NHS loses it's grip on medical records
The house of commons committee has released a government report stating how “deeply un-impressed” MP’s are with the NHS for their handling of a backlog of clinical correspondences. NHS bosses admitted that 18 months ago, 709,000 items of correspondence had been mishandled. Staggeringly, it was reported last month by the NHS SBS that in addition to the 709,000 items of mishandled correspondence, a further backlog of 162,000 items existed. This correspondence could include details of treatment plans, details of changes of drugs, child protection notes and the results of various kinds of diagnostic tests. Proper handling of clinical correspondence is an essential part of administering care for patients. Almost 2,000 patients are still being assessed by NHS England to determine whether they have suffered harm because of the delay in handling their correspondence.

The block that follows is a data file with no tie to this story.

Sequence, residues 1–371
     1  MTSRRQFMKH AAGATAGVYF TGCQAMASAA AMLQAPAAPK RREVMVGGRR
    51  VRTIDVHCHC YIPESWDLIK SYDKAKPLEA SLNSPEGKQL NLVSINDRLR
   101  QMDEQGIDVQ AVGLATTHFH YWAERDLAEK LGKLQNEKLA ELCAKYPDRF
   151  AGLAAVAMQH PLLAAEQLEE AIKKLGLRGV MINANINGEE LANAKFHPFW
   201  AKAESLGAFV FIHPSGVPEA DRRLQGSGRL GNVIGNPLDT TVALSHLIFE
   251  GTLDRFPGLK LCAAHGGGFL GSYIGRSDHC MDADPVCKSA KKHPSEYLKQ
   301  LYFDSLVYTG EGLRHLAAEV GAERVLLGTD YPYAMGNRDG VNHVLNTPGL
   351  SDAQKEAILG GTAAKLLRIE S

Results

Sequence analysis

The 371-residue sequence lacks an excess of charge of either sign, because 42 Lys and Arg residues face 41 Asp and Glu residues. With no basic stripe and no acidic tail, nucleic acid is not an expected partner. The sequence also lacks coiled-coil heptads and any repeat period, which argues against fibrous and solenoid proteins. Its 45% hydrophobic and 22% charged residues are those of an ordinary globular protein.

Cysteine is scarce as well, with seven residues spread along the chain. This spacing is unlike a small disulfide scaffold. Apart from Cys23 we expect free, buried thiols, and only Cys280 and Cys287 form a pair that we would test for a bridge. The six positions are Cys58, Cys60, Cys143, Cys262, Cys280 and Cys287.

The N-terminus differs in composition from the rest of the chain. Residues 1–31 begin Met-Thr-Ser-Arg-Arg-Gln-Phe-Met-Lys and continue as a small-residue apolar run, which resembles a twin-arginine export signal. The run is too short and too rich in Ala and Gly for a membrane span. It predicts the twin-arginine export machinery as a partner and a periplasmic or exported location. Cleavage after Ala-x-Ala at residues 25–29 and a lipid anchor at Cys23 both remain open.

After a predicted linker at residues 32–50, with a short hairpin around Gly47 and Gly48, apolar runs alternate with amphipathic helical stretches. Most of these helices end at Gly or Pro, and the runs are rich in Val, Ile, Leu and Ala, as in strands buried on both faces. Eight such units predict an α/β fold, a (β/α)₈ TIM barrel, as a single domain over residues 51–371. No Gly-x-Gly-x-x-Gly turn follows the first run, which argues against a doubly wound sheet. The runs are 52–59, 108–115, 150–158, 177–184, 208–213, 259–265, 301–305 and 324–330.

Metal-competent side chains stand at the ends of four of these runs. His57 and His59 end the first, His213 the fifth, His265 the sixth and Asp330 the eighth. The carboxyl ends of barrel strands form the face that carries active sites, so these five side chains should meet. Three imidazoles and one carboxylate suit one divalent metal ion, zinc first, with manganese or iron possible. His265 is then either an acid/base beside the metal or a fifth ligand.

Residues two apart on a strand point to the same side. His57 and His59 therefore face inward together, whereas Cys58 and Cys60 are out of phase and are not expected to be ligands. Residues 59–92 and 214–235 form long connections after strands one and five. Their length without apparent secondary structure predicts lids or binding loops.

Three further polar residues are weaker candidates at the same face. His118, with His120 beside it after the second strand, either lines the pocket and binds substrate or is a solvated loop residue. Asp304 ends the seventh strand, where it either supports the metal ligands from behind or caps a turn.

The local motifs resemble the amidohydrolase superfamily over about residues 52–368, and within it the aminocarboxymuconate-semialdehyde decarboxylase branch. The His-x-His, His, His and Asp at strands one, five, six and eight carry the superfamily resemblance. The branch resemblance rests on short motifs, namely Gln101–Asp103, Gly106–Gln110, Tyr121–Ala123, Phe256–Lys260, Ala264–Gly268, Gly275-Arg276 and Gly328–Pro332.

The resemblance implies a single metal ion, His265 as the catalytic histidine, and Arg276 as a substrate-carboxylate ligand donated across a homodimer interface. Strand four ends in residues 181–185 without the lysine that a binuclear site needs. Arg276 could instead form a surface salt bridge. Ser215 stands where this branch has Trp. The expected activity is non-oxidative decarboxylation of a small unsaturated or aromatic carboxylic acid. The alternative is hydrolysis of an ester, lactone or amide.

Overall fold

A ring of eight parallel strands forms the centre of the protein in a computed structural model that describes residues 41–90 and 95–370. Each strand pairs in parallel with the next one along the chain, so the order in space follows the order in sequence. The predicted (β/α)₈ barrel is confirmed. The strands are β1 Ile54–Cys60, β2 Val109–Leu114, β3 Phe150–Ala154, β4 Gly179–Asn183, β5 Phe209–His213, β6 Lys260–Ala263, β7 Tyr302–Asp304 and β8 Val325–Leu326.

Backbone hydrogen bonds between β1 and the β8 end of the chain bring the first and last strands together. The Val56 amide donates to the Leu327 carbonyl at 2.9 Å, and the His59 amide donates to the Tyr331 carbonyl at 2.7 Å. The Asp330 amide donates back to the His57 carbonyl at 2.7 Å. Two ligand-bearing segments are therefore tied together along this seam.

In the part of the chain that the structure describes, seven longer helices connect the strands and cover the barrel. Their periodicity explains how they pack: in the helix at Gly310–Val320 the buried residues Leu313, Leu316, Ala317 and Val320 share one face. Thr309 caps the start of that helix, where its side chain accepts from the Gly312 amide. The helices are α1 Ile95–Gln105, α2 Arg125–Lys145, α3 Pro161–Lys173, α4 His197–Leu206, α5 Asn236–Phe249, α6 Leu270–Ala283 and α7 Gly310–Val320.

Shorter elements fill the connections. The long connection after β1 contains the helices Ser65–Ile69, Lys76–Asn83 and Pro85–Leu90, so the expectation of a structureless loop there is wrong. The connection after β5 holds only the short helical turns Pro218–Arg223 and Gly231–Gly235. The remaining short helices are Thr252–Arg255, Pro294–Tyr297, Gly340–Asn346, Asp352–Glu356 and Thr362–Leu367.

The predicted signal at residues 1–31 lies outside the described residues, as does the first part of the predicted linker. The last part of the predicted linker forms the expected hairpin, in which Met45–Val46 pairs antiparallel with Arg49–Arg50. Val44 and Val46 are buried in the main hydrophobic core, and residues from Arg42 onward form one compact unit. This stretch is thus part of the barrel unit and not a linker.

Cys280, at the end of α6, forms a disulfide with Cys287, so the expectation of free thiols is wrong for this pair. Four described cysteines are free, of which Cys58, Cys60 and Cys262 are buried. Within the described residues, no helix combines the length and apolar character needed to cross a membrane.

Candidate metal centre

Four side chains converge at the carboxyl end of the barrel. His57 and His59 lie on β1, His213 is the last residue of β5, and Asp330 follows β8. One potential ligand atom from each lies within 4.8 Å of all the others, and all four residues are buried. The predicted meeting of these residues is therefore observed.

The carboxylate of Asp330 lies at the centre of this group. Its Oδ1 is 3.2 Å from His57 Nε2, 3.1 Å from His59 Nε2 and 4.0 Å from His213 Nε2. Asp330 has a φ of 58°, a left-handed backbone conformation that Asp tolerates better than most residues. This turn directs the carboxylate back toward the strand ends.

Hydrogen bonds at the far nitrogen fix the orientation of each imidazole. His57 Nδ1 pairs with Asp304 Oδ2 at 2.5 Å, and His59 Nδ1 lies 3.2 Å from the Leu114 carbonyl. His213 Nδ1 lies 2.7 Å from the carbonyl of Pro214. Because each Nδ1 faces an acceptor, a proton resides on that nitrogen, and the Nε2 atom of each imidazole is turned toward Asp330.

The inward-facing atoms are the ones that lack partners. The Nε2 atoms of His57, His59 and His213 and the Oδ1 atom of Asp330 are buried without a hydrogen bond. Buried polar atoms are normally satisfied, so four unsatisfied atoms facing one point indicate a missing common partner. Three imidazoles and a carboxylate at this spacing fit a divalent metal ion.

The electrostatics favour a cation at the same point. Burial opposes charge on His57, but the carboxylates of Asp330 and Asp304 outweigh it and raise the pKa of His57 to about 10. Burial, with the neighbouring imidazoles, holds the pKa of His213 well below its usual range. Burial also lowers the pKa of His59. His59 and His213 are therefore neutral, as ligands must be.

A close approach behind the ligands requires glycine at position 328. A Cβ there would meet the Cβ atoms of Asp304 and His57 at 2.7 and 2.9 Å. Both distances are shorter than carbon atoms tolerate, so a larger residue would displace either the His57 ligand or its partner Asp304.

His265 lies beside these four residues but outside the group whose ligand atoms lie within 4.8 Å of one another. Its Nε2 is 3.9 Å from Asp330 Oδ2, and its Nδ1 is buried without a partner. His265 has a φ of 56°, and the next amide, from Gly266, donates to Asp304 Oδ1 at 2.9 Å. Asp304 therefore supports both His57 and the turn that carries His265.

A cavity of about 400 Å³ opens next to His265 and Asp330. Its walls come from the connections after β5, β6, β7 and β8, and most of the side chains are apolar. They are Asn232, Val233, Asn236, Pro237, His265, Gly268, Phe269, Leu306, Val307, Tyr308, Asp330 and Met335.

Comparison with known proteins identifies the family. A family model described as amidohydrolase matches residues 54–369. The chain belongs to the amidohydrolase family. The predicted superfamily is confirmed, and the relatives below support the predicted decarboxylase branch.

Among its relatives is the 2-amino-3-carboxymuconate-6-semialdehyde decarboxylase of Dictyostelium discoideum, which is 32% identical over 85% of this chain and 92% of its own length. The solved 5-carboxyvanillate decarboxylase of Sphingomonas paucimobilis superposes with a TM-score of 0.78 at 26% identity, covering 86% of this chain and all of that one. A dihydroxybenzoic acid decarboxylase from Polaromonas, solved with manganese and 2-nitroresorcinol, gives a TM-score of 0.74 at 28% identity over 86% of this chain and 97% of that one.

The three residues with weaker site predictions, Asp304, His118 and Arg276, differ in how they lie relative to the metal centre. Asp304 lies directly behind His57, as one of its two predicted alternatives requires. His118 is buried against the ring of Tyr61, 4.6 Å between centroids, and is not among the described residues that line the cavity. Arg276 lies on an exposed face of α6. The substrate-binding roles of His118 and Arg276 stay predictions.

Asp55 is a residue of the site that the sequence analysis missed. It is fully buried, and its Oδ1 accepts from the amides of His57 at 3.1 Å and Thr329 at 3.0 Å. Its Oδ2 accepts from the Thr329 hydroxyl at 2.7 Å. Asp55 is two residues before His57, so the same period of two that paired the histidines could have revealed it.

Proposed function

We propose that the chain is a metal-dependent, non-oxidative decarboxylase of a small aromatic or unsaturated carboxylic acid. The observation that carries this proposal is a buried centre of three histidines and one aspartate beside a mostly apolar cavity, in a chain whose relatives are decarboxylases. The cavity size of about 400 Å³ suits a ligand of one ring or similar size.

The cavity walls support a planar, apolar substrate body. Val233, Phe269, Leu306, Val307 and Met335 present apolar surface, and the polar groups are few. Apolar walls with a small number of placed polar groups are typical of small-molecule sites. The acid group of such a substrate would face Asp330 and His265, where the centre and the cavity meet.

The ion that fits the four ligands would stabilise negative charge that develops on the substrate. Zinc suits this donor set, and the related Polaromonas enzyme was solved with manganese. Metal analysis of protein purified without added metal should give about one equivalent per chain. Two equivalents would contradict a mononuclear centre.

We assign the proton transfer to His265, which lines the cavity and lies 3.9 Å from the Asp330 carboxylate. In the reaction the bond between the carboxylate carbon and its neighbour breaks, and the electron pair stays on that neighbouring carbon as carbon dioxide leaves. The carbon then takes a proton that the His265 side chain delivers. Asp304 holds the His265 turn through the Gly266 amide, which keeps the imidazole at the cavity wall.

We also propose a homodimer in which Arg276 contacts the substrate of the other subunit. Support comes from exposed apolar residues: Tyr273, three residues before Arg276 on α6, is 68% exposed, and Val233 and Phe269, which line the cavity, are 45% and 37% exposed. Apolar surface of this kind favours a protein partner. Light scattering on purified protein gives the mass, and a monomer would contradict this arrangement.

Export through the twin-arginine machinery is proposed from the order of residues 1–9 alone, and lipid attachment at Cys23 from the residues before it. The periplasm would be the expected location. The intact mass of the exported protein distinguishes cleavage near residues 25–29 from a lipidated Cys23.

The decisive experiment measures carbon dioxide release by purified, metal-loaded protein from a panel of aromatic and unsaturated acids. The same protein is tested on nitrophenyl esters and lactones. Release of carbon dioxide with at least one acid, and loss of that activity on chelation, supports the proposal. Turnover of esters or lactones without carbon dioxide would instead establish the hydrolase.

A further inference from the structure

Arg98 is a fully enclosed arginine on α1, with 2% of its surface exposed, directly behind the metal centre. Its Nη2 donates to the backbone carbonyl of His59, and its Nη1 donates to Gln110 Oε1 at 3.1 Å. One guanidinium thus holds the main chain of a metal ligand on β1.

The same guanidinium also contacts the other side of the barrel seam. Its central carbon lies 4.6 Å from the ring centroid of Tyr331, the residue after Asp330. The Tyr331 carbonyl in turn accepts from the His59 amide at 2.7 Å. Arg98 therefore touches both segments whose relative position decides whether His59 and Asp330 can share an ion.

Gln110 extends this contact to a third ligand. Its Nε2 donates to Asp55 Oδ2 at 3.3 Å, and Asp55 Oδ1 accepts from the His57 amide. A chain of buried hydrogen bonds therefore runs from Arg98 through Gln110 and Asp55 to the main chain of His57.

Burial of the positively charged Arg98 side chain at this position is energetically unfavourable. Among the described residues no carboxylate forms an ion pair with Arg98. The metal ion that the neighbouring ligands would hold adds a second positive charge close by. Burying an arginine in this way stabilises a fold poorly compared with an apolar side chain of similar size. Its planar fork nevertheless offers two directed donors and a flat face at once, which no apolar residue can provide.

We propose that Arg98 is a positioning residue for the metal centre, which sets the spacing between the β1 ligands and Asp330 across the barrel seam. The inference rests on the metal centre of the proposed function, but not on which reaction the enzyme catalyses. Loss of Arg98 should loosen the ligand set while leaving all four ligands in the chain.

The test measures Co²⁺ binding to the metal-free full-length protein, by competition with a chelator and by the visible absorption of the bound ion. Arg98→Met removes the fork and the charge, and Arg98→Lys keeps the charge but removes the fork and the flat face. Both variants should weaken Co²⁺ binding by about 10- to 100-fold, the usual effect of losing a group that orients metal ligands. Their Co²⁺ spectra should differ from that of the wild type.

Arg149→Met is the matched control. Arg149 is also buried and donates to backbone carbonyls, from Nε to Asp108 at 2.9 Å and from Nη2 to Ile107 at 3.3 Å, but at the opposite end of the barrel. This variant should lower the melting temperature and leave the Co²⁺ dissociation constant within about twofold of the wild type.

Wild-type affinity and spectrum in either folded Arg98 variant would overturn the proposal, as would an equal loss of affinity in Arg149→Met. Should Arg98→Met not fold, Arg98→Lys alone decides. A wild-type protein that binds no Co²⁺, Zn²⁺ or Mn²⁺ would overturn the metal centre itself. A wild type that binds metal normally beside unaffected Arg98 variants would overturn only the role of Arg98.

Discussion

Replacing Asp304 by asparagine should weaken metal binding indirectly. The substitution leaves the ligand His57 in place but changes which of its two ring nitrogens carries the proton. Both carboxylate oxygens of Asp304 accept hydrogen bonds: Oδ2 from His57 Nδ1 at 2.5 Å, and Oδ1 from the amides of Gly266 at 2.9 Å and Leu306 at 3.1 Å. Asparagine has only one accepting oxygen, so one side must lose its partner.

These issues only highlight the urgent need for the NHS to digitise documentation and remove paper from the equation. In January 2013, Jeremy Hunt announced a plan to establish a paper-less NHS by 2018. This was in an attempt to improve services and address the challenges of an ageing population. With the new year fast approaching, it is clear the target of 2018 was somewhat far-fetched. The NHS will need to put the motion in works to start the enormous task of digitising archived records. Going paperless will reduce the administrative burden for care professionals and revolutionise the quality of health and care services. This will also remove the threat of such blunders happening in the future.
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